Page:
Learned right off the bat that I’d have to teach in 5 minute nuggets, and then she does best with smaller bursts of guided practice. But she cooperates with me, and really still likes the actual content of the work. We may have done this just in time.

Since we’re doing this through her school’s home school program, we’re keeping along with the classroom curriculum, which is all about the solar system right now, specifically, the outer solar system, which means Pluto and that whole controversy, because that’s actually in the textbooks now.

pluto-planetSarah is not happy about the new status of Pluto. It took a minute to convince her that nothing had actually happened to Pluto, that it had not been, Alderaan-like, blasted by the Imperial Death star into more chaff to join the kuyper belt. And we talked about how planets are classified and who gets to make the decision, and why … and we talked abourt Ceres and Eris, and Charon, and decided that, hey, let’s just let them all in. I can undestand how my scientists friends might be freaking out about that, especially in the case of Charon, but hey … can’t we all just get along?

I don’t know if we’ll be attending any “Save the dwarf planets!” ralleys, but we’ll have to see. Found that Youtube and other sites have great resources for supplemental videos. Watched “The Universe: The Outer PLanets” I think it was legal since it was marked as an official play list and listed “for educational purposes only.”

It just figures that this would be where we’d start, doesn’t it?

 
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Posted by on September 17, 2009 in life

 

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The comfort of small things

Well, work on the book has slowed to a crawl the past two weeks because of various school and life-related crises. We also had a death in the family, one that we were prepared for, but one that also socked me in the gut in ways I did not expect. Getting back on schedule and back on track has been a challenge, and one I have not been dealing with very well in a variety of ways. And we’re also trying to deal with a major decision that must be made soon, and throw in some financial stress for the win!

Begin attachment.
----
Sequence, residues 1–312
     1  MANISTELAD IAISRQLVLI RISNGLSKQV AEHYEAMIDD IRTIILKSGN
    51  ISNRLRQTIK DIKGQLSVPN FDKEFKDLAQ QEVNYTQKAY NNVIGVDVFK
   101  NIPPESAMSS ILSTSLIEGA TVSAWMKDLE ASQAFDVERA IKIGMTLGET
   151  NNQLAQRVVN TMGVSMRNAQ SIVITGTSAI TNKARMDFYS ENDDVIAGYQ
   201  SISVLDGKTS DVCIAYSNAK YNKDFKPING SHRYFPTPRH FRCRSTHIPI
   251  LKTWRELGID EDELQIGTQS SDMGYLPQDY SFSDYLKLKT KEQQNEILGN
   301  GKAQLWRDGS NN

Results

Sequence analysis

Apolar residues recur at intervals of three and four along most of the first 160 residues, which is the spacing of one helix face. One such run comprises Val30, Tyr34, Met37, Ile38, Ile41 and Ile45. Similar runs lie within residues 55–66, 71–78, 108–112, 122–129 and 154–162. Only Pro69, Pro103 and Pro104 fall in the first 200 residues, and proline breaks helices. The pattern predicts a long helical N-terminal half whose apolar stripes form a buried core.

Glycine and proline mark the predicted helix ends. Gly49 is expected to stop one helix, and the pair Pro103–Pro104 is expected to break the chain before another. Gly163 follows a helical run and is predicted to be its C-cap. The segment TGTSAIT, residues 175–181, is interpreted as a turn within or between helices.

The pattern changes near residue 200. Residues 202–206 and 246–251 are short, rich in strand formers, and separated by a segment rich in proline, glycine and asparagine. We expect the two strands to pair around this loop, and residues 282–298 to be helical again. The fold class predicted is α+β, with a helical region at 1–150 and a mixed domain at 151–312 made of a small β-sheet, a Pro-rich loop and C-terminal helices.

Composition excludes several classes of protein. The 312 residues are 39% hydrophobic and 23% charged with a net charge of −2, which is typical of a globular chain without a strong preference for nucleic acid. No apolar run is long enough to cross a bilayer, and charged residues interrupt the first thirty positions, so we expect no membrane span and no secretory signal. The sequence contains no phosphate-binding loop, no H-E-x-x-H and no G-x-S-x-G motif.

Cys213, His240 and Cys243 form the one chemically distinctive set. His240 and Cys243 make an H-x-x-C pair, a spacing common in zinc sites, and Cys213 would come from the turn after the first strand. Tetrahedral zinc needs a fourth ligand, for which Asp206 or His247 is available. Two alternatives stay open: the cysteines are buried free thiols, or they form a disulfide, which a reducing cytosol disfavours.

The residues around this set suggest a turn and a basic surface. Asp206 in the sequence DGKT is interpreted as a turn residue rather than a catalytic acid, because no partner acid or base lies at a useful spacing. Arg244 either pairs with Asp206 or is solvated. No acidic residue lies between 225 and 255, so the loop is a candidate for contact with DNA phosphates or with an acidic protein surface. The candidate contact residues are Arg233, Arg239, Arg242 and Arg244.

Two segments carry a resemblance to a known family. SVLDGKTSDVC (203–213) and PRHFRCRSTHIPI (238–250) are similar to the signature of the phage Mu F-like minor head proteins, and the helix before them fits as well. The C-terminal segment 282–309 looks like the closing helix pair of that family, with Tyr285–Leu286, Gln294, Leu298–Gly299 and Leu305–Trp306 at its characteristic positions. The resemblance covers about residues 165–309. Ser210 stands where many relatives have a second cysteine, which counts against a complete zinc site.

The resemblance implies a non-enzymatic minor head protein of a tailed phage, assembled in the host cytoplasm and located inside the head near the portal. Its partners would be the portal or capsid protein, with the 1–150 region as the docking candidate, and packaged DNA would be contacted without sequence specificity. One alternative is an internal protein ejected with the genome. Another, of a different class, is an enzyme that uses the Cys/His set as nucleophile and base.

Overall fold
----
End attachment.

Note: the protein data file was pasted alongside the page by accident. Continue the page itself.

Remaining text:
So yeah. The world is tumbling now, it seems. It will, hopefully, find it’s balance soon. Or I will, at least.

Somewhere in all of this, I got the craving to read my old favorite book (series actually), and pulled it out of its box in the garage. It’s my copy of Tad William’s The Dragonbone Chair, and it has been a struggle to read.

Not a struggle to read the content. I am reminded of why I fell in love with Tad Williams, and the world of Osten Ard and the character of Simon Mooncalf/Pilgrim/Snowlock/that would be telling. The language, the descriptions, the warm embrace of his sentences and his lyricism, it’s been a real comfort in a difficult time.

But It’s been difficult to read because it is my original copy. I owe my ADHD/lack of details affliction for my introduction to this book. Back in the day, I was a member of the Science Fiction Book Club, and that was in the time when you had to send back those postcards or they would send you the book selection of the month, along with the bill (it may still be that way, I dunno, and I was 15 and a flake. I was going to send it back, but accidentally opened it up and read the first page, and this sentence grabbed me:

“It might have been the first day of Spring, , to judge from the air of breathless anticipation, but the calendar in Doctor Morgenes’ cluttered chamber showed differently: The Month was only Novander. Autumn was holding the door; winter was trudging in.”

That was it. And this was the book that rekindled my own desire to write. I wanted to create powerful moments for readers, like Williams did for me, and it was from that moment on, inspired to go into my room and start writing my bizarre little stories, that I really thought of myself as a writer.

This book, over 20 years old now, was a book club “hardcover.” Not meant to last the ages, and it has been much-reread and loaned out. Pages are falling out, its binding has collapsed and its faux-cardboard cover is useful merely as a folder in which to hold to collection of leaves. It goes without saying that the dustjacket has long since vanished into the ether. But i find that though I could go down to Barnes and Noble and pick up a new paperback, I want to read this one. It connects me to that part of me that is still important, and which I forget exists sometimes. I like holding the same thing that fifteen-year-old did, the one I have spent so many years despising, mocking, but for whom I have recently started to develop a tiny bit of affection. We are communicating with each other again through this physical object.

But maybe I’ll get a new copy if I decide to keep loaning this book out …. it’s already responsible for the existence of about a dozen Tad Williams’ fans, and it deserves its rest.

 
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Posted by on September 4, 2009 in life, writing